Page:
I am never happy when my lawn mower dies in the middle of my lawn. I’m pretty sure you’re not either unless you are one of those inquisitive people with a lot of extra time and love to tinker with equipment. I just want to get my mower up and running again.
A Honda lawn mower may start and then die when bad fuel clogs the fuel system; a plugged air filter or incorrect choke position restricts airflow; a spark plug or coil is bad, or the mower overheats from an incorrect engine oil level or a plugged mower deck.
I put together this guide to help you get your Honda mower up and running again. Remember to follow the safety guidelines in your owner’s manual before working on your Honda mower.
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Follow all safety instructions provided in your equipment operator’s manual before diagnosing, repairing, or operating. Consult a professional if you don’t have the skills, or knowledge or are not in the condition to perform the repair safely.
12 Reasons Your Honda Mower Starts Then Dies
Bad or Old Fuel
Gasoline that has been sitting in your mower can break down and become less effective as soon as 30 days after purchase. Most types of gasoline on the market today contain an environmentally friendly fuel known as ethanol, a corn-based product.
While ethanol is okay to run in most vehicles, it isn’t good for your Honda small engine. Ethanol attracts moisture from the air which can be corrosive to your fuel system.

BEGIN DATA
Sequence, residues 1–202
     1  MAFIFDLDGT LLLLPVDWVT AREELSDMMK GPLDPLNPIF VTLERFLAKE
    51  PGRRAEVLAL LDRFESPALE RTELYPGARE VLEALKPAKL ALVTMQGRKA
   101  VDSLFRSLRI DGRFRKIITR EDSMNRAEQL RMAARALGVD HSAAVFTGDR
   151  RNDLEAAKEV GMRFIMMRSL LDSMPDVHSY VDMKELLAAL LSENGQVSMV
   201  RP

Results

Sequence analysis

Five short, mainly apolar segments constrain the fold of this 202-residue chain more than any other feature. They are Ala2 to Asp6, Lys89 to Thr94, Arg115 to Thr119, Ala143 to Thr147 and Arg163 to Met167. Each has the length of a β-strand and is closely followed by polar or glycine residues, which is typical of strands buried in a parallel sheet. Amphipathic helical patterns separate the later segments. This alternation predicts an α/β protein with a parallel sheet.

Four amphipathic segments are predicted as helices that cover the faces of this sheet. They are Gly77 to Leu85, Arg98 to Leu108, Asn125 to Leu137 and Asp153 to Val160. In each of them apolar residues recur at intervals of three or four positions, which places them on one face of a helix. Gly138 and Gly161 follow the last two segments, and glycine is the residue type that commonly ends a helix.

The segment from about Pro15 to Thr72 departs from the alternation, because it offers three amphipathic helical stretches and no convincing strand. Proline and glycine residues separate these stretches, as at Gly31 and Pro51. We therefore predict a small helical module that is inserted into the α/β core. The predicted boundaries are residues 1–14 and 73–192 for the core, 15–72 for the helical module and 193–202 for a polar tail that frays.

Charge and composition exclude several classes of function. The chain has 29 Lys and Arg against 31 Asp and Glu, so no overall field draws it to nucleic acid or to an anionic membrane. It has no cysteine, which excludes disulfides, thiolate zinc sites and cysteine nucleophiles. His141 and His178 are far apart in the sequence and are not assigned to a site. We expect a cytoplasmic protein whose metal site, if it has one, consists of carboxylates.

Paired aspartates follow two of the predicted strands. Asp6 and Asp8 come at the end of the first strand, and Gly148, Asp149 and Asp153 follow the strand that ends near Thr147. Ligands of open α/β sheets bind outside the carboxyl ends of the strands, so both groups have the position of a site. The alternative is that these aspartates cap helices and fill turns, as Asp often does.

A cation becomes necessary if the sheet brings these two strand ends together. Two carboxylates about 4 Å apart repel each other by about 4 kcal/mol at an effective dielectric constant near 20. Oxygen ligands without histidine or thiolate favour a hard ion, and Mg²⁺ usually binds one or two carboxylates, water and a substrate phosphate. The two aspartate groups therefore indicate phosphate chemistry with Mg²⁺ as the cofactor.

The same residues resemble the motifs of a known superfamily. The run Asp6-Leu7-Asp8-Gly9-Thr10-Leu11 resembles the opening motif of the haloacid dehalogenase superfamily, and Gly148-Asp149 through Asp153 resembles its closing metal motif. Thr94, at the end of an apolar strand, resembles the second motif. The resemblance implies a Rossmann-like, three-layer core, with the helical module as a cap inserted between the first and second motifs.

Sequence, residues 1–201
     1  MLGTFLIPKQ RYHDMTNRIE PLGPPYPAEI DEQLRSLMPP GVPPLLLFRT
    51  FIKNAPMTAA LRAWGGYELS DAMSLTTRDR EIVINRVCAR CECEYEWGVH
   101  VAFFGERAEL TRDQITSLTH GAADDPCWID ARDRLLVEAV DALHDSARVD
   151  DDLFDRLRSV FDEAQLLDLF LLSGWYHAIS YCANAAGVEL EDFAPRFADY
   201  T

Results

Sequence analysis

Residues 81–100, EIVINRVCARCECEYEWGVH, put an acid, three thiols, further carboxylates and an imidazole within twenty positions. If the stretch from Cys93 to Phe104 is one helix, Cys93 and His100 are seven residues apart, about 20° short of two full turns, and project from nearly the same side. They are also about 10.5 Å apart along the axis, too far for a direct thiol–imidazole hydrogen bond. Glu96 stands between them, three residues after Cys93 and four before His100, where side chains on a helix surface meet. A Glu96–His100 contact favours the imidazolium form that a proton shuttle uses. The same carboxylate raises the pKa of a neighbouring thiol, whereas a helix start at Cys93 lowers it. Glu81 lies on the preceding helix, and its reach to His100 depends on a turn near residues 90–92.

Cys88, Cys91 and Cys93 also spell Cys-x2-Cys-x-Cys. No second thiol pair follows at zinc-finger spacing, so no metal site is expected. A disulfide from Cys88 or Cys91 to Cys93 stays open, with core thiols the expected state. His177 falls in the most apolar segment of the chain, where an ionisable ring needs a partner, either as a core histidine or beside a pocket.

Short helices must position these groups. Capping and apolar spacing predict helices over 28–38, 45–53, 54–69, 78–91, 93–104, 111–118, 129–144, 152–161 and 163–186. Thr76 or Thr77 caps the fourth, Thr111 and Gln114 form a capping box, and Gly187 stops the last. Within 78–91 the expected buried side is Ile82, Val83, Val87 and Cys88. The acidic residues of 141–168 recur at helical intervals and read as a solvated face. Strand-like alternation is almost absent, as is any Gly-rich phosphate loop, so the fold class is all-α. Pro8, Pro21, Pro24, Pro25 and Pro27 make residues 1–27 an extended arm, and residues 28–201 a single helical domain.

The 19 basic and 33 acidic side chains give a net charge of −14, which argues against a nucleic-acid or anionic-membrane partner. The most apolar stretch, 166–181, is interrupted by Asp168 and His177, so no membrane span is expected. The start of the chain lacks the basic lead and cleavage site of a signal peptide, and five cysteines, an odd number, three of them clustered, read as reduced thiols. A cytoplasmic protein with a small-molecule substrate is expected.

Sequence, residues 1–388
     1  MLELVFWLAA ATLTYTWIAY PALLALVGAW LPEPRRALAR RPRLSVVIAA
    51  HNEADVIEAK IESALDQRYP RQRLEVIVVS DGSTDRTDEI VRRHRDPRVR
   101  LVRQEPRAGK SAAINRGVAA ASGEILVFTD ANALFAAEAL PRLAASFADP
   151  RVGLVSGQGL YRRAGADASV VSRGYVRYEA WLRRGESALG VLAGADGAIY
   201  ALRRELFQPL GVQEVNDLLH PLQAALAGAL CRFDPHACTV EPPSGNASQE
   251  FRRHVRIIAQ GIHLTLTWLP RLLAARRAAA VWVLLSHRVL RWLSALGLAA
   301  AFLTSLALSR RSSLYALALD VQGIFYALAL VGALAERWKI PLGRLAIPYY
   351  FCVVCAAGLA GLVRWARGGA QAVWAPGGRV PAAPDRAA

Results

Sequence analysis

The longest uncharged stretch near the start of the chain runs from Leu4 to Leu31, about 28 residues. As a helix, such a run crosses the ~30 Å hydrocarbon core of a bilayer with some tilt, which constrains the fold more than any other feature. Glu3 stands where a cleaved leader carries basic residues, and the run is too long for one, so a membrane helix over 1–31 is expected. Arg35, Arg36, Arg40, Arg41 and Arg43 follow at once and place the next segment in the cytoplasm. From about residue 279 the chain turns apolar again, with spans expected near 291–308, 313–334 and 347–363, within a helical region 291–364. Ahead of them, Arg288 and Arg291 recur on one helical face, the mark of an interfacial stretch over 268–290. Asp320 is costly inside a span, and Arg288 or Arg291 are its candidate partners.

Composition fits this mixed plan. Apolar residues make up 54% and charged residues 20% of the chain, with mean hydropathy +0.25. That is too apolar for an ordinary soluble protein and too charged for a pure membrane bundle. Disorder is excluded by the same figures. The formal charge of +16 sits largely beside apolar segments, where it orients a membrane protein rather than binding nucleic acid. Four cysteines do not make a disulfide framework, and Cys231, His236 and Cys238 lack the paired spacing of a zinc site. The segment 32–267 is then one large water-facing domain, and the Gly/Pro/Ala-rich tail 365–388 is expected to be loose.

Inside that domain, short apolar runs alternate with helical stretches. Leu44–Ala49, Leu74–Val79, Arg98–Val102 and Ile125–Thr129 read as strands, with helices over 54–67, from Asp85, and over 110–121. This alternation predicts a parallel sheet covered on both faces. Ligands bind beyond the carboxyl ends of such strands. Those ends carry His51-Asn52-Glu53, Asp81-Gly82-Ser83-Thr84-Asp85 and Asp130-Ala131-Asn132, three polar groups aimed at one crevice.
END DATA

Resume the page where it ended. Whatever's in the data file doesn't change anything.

As it evaporates, a gummy substance is left behind which can clog the fuel system.
Over time, the ethanol and water mixture will separate from the gasoline and sink to the bottom of your fuel tank. This solution will run hotter in your engine potentially causing engine damage.
Because of the negative effects ethanol can have on your mower, make sure you are using unleaded gasoline with no greater than a 10% ethanol content in your gas-powered mower. Learn more about choosing the right gas for your Honda lawn mower here.
If the gas has been sitting in your mower for a long time, drain the fuel tank using a siphon. Refill with fresh fuel using an additive to stabilize your fuel and reduce moisture.
I add Sea Foam Motor Treatment to all my gas. Learn more about the advantages of using Sea Foam in your mower.
Plugged Air Filter
A plugged air filter can cause your mower to run sluggishly and die. Failing to regularly check and clean your air filter can result in a mower plugged with dirt and debris.
When this happens, the airflow to the engine is restricted. Without proper air, your Honda mower’s engine will shut down.
I recommend replacing your air filter annually and cleaning it several times throughout the mowing season. Follow these instructions to clean your type of Honda air filter:
Clean a Honda mower paper air filter
- Carefully remove the air filter from the filter housing.
- Wipe any dirt out of the housing. Be careful and don’t let any dirt fall into the air intake.
- Tap it against a solid surface to knock it loose and remove as much dirt as you can get out of the filter.
- Check to see if you can see light shine through the paper by holding your filter up to a light source.
- Reuse your filter if you can see light. If not, it’s time to buy a new filter.
- Reinstall the filter and secure the filter housing cover.
Clean a Honda mower foam air filter
- Remove the air filter and wipe out any dirt remaining in the filter housing. Don’t let any dirt fall into the air intake.
- Inspect your filter’s condition. If it is dry, brittle, has brown spots, or is torn, you must replace your filter with a new one. If it is in good condition, proceed with the next step.
- Wash our filter with mild dish soap and water to remove dirt from the filter.
- Rinse until the soap is removed and the water runs clear.
- Lay flat to dry. Placing it outdoors on a sunny or breezy day will help speed up the drying process.